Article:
<NextLink href={href} {...props} className={className} prefetch={prefetch}>
      {children}
    </NextLink>
  );
}

3. Nit changes

There were some smaller changes, like font loading, analytics configuration, and CSS loading. In short, whatever goes in gatsby-browser.js in Gatsby, goes in pages/_app.js in Next.js.

React
pages/_app.js
import '@/styles/global.css';
 
import {Inter} from '@next/font/google';
import type {AppProps} from 'next/app';
 
import {Analytics} from '@/components/Analytics';
 
const interVariable = Inter({subsets: ['latin'], display: 'swap'});
 
export default function App({Component, pageProps: {...pageProps}}: AppProps) {
  return (
    <>
      <Analytics />
      <div className={interVariable.className}>
        <Component {...pageProps} />
      </div>
    </>
  );
}

4. Dropping GatsbyImage, and using Cloudinary

Boy, oh boy. <GatsbyImage /> is awesome. I really didn't have to think about images in my Gatsby blog at all. Vercel pretty much vendor locks <NextImage />, and I deploy on Netlify, so I decided to use Cloudinary and call it a day. I know Netlify does its best with its own Next Runtime, but I wanted to trust a dedicated service for optimizing my images. Here's what I'm using:

React
CloudinaryImage.tsx
import Image from 'next/image';
 
import {CLOUDINARY_URL} from '@/links';
 
type CloudinaryImageProps = {
  src: string;
  alt: string;
  width: number;
  height: number;
  title?: string;
  className?: string;
  blurDataURL?: string;
  quality?: number;
};
 
type CloudinaryLoaderProps = Pick<
  CloudinaryImageProps,
  'src' | 'width' | 'height'
>;
 
function cloudinaryLoader({src, width, quality = 90}: CloudinaryLoaderProps) {
  return `${CLOUDINARY_URL}/w_${width},q_${quality},f_webp${src}`;
}
 
export function CloudinaryImage({
  src,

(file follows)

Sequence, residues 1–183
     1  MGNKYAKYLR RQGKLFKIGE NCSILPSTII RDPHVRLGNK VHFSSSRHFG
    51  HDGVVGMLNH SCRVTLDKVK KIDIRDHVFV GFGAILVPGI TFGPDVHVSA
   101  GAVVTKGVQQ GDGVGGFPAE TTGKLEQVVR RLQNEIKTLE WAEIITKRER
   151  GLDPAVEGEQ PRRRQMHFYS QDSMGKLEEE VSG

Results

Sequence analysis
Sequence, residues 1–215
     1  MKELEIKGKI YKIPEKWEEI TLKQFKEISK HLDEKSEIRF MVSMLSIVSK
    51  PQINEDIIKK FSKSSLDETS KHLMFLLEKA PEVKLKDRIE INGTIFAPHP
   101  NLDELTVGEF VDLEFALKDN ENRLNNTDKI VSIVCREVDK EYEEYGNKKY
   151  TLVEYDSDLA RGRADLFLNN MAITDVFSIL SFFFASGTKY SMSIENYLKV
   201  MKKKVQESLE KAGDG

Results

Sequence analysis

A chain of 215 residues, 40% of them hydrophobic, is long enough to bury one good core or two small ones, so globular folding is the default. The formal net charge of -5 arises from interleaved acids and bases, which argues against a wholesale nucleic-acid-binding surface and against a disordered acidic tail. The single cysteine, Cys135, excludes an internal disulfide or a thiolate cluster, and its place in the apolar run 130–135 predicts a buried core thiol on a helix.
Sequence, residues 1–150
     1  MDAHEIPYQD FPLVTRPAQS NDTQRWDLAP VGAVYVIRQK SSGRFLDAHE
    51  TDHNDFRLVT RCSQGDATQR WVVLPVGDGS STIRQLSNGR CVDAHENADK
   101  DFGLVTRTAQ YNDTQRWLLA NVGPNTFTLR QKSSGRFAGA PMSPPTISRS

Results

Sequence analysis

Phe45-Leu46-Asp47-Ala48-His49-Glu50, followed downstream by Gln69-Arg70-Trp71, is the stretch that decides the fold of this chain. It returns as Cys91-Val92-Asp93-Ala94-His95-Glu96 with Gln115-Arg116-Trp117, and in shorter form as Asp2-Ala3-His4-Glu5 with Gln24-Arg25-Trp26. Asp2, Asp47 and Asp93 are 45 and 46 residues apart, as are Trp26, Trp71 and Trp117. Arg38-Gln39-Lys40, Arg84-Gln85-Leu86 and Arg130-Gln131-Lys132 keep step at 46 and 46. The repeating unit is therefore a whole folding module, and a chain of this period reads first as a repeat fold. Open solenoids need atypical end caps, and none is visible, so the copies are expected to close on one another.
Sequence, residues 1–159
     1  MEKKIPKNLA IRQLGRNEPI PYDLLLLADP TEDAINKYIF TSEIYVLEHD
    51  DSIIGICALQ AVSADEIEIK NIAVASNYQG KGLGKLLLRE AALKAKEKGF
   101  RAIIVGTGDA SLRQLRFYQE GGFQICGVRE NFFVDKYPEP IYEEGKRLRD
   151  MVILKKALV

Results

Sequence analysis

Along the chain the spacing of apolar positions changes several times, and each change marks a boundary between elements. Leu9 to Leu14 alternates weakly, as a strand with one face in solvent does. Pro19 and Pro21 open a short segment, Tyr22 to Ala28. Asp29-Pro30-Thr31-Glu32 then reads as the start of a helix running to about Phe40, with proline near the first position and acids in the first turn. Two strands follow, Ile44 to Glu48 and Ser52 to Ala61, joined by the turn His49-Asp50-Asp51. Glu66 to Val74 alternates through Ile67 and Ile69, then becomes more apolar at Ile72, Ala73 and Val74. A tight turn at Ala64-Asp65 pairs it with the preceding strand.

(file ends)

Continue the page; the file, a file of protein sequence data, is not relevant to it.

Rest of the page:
alt,
  width,
  height,
  title,
  className,
  blurDataURL,
  quality,
}: CloudinaryImageProps) {
  return (
    <Image
      quality={quality}
      src={src}
      loader={cloudinaryLoader}
      alt={alt}
      title={title}
      width={width}
      height={height}
      className={className}
      {...(blurDataURL ? {placeholder: 'blur', blurDataURL: blurDataURL} : {})}
    />
  );
}

As for the blurDataURL, I created a function to generate them on demand

TypeScript
getBase64Image.ts
export async function getBase64Image(imageId: string): Promise<string> {
  const response = await fetch(
    `${CLOUDINARY_URL}/w_100/e_blur:1000,q_auto,f_webp${imageId}`
  );
  const buffer = await response.arrayBuffer();
  const data = Buffer.from(buffer).toString('base64');
  return `data:image/webp;base64,${data}`;
}

..and include them in the MDX files.

blog/gatsby-to-next/index.mdx
---
title: 'Migrating from Gatsby to Next.js'
date: '2022-11-10'
description: 'Documenting website rewrite with Next.js'
category: 'React'
featuredImage: '/v1667896248/blog-images/covers/gatsby-to-next.jpg'
blurHash: 'data:image/webp;base64,UklGRi4BAABXRUJQVlA4ICIBAACQCgCdASpkAEMAPrFEmEopKqIhtBuacVAWCWctgApEhfgL6cVs+EP+L7eCBMs6WxuBdNhnrhgZBc3o3T07pyMmL/33nE0QwO5CRL7Rcmu4dPcZyTC4MBUkUest3AAA/vCwN7ITIh1amqRK9uZ9e8L+JX4epgvVOoHWyh61Nr2+j3iJ1n5+tTV1e8qSP1QjANudOvbZEuBwQa9ipePIbKgS4Q5u5hroxOh4PorEJQgLU0HpsMc8BorpBdCX9VTbR4lYvZ9cZ34FW5j9pTYfkDICNcGYDODTMFeWGroq5PG5p6X6BMdLTOLEgfKWZYzwyjObVdLf7A0FeBoPihEMEILwKlUghr/eFH8vKHeKgdhCwhCLhB1qGhoCBzA7e8c4HyNIAA=='
---